Axillary Vein Catheterization

Updated: Apr 08, 2016
  • Author: Ethan Levine, DO; Chief Editor: Vincent Lopez Rowe, MD  more...
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Overview

Background

Several anatomic access points and methods to gain central venous access have been described. Because the upper-body approaches are generally deemed to be cleaner than femoral approaches (ie, upper-body sites are less likely to be contaminated), cardiologists, surgeons, and anesthesiologists alike have long favored them. The axillary, cephalic, and subclavian veins, as well the internal and external jugular veins, have all been used to gain central access for placement of pacemaker or defibrillator leads or central venous lines.

This article reviews the techniques for gaining access to the axillary venous system for the purposes of lead placement as well as adapting those techniques for central venous line placement. To learn about other techniques for central venous line placement, see Central Venous Access via Subclavian Approach to Subclavian Vein and Central Venous Access via Supraclavicular Approach to Subclavian Vein.

The axillary vein has become the favored conduit for the placement of pacing and defibrillation leads for several reasons. Unlike the cephalic vein and external jugular veins, the axillary vein is almost always large enough to accommodate multiple pacing leads. In comparison with the subclavian vein, the properly accessed axillary vein affords a less acute course. This potentially decreases mechanical stress on the implanted leads or catheters and, hence, results in a lower incidence of mechanical lead failure or catheter occlusion. [1] Compelling evidence has implicated the infraclavicular musculotendinous complex in mechanical lead failure and occlusion of subclavian catheters. [2, 3]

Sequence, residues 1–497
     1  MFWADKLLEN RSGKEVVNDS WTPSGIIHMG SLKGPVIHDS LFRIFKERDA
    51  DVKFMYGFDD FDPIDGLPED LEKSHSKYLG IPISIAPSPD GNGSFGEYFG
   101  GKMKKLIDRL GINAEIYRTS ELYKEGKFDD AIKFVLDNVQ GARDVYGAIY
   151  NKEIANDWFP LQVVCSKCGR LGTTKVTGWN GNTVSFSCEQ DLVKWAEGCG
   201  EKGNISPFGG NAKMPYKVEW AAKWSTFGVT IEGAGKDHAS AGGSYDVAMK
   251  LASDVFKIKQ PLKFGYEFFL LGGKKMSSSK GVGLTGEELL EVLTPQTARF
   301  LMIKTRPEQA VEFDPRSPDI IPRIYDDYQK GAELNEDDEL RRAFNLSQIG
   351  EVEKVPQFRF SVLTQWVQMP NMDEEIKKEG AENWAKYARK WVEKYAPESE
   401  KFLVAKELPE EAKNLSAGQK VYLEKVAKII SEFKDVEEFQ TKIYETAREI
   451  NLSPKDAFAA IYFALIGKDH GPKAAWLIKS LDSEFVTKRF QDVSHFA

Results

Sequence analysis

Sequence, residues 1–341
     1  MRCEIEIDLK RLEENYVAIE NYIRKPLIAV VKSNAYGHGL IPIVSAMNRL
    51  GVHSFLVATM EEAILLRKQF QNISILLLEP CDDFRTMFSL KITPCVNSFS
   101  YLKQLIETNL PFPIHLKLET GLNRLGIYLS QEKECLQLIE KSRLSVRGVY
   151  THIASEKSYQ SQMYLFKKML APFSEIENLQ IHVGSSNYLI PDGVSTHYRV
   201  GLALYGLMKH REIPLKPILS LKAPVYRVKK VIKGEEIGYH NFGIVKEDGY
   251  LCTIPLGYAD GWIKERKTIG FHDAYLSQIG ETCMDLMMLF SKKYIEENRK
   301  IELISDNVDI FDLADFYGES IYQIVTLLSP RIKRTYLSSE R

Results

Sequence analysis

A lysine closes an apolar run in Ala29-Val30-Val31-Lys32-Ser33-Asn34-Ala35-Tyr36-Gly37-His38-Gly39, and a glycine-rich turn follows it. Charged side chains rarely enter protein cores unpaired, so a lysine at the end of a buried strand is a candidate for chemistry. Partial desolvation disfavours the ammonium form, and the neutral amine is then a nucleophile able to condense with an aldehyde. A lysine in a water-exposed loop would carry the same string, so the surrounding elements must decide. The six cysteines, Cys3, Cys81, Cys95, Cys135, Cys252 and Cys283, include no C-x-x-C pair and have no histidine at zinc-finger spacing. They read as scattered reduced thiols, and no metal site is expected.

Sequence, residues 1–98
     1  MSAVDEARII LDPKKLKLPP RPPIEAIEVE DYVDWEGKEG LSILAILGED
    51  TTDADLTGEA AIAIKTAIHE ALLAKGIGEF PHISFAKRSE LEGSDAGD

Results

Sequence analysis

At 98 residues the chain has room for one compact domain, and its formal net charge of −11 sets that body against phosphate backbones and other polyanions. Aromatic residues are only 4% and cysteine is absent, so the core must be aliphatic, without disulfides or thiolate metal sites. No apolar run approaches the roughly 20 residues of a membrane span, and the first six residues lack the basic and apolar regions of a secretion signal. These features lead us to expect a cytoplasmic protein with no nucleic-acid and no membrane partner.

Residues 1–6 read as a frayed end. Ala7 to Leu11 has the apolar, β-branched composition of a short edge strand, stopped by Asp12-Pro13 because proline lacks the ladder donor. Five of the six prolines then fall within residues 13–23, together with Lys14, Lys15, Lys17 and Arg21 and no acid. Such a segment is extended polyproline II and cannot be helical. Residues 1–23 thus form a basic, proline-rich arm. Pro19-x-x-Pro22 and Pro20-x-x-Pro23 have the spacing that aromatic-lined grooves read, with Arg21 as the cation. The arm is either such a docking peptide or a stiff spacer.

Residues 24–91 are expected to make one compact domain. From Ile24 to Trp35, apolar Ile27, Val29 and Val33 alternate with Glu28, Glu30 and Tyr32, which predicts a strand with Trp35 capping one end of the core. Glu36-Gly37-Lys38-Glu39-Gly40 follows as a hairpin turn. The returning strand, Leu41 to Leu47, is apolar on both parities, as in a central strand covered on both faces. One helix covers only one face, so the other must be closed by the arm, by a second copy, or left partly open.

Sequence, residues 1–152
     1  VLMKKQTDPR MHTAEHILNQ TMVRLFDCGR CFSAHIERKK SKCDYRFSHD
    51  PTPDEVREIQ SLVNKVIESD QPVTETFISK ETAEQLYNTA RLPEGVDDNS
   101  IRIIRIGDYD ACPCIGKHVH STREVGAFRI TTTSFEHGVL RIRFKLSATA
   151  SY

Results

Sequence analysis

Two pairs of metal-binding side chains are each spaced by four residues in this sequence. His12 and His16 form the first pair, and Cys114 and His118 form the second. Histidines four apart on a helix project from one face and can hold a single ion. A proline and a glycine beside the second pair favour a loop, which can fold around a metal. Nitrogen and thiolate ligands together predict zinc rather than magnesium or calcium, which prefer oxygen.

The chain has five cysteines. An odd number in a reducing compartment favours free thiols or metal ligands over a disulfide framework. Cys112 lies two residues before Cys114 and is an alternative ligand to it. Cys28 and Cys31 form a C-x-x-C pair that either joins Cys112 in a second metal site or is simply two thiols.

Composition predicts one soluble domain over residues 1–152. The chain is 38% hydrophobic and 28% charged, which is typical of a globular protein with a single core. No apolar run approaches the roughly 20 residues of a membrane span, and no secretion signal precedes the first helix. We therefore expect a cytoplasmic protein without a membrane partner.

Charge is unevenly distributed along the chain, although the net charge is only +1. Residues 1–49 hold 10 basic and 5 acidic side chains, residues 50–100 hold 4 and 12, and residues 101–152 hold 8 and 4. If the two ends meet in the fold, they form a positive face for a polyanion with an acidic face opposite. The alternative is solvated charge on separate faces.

Additionally, subclavian access comes with the risk of inadvertently accessing the noncompressible subclavian artery and the potential for increased mechanical stress on the lead or indwelling catheter from crossing the subclavius muscle and the clavipectoral fascia. Finally, use of the axillary system, unlike use of the jugular system, does not require tunneling of the leads over or under the clavicle.

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Indications

Indications for axillary vein catheterization include the following:

  • Placement of pacing or defibrillation leads
  • Central venous access for delivery of medications or fluids
  • Placement of dialysis catheters
  • Placement of temporary pacing wire or pulmonary artery catheters
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Contraindications

Absolute contraindications for axillary vein catheterization include the following:

  • Ipsilateral radical lymph node resection
  • Ipsilateral lymphedema
  • Chronic or ongoing ipsilateral cellulitis
  • Known occlusion of the ipsilateral venous system

Relative contraindications include the following:

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Technical Considerations

Anatomic considerations

A thorough understanding of the regional anatomy is essential to successful cannulation of the axillary system. The axillary vein begins at the lower margin of the teres major as a continuation of the brachial vein. It continues its course proximally until it terminates at the lateral margin of the first rib to become the subclavian vein. Along its course, it receives tributaries from the cephalic and basilic veins. The vein is accompanied, along its course, by the axillary artery, which lies slightly superior and posterior to the vein. Overlying the vein are the pectoralis minor and the clavipectoral fascia, followed more superficially by the pectoralis major.